The Rhodes piano features a keyboard with a similar layout to a traditional acoustic piano, but some models contain 73 keys instead of 88.[1] The touch and action of the keyboard is designed to be as close to a piano as possible. Pressing a key results in a hammer striking a thin metal rod called a tine connected to a larger "tone bar". The whole "tone generator assembly" acts as a tuning fork, the tone bar reinforcing and extending the vibrations of the tine. A pickup sits opposite the tine, picking up its vibrations and inducing an electric current in a similar manner to an electric guitar.[2] The basic mechanical act of hitting tines does not need an external power supply, and a Rhodes will make sound even when not plugged into an amplifier,[3] though like an unplugged electric guitar the sound will be weak.[4]

The Suitcase model Rhodes includes a built-in power amplifier and a tremolo feature that bounces the output signal from the piano in stereo across two speakers.[5] This feature is mistakenly labeled "vibrato" (which is a variation in pitch) on some models to be consistent with the labeling on Fender amplifiers.[1]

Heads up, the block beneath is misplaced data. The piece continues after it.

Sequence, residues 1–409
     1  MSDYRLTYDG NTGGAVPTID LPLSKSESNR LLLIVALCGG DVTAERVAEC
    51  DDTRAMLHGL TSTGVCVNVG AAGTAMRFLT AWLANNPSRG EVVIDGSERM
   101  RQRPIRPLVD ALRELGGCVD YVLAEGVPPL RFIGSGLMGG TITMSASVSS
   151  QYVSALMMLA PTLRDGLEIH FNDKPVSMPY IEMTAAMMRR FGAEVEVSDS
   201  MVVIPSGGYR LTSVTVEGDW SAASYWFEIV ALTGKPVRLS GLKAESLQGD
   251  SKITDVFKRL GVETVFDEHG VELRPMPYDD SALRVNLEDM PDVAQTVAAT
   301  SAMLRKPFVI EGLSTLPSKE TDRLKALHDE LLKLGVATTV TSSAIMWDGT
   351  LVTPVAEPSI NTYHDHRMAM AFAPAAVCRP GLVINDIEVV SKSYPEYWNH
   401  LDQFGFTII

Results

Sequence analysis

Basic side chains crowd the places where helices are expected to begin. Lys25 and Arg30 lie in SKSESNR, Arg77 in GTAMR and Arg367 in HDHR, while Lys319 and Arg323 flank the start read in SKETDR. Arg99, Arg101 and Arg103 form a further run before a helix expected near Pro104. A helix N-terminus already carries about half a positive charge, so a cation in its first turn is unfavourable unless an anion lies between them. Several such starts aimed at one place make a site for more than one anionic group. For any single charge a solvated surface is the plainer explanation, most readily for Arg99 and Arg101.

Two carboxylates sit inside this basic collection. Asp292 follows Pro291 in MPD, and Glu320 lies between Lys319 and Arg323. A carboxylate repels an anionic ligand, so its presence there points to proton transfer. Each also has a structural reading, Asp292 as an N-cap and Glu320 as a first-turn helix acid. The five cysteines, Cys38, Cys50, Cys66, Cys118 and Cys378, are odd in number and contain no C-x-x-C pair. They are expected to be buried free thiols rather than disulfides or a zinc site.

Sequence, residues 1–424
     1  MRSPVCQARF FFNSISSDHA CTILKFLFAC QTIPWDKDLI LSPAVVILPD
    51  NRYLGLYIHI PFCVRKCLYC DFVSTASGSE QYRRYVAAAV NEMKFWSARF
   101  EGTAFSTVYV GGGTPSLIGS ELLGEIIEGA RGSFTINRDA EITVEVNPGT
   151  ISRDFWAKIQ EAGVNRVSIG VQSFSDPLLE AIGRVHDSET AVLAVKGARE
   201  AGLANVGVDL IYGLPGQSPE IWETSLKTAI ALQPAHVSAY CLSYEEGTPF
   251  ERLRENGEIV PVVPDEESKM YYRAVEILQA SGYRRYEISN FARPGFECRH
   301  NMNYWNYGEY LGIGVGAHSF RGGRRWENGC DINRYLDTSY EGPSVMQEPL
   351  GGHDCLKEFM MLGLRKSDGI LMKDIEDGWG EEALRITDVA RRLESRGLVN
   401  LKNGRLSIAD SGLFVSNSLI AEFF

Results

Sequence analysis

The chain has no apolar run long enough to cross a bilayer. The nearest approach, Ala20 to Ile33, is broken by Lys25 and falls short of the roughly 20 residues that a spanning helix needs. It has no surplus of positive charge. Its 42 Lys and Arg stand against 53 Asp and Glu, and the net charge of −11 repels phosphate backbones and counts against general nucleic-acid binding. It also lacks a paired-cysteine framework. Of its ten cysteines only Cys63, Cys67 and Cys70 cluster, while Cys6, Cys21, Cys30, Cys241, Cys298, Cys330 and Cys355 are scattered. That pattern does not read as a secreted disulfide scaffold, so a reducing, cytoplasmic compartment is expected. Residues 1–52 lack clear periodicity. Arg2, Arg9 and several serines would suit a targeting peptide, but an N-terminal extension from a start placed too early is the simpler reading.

Although the Rhodes has the same mechanical operation as a piano, its sound is very different.[5] The sound produced by the tines has a mellower timbre,[6] but varies depending on the location of the tine relative to the pickup. Putting the two close together gives a characteristic "bell" sound.[4] The instrument's sound has been frequently compared with the Wurlitzer electric piano, which uses a similar technology, but with the hammers striking metal reeds. The Rhodes has a better sustain, while the Wurlitzer produces significant harmonics when the keys are played hard, giving it a "bite" the Rhodes does not have.[7]

History

Early models

Prepiano
An early version of the Rhodes piano, used for teaching

Rhodes started teaching piano when he was 19. He dropped out of studying at the University of Southern California in 1929 to support his family through the Great Depression by full-time teaching. As a teacher, he designed a method that combined classical and jazz music, which became popular across the United States,[8] and resulted in an hour-long nationally syndicated radio show. Rhodes continued to teach the piano through his lifetime, and the piano method continues to be taught today by a team led by Joseph Brandsetter.[9]

By 1942, Rhodes was working for the Army Air Corps, where he was asked to devise a teaching program to provide therapy for soldiers recovering from combat in hospital. He was unable to supply enough acoustic pianos, so decided to develop a miniature electric model that could be made from surplus army parts.[8][10] Rhodes won a service award for his piano design and subsequently put the model into production for piano teachers during the 1950s. These were retrospectively known as the "Pre-Piano".[11]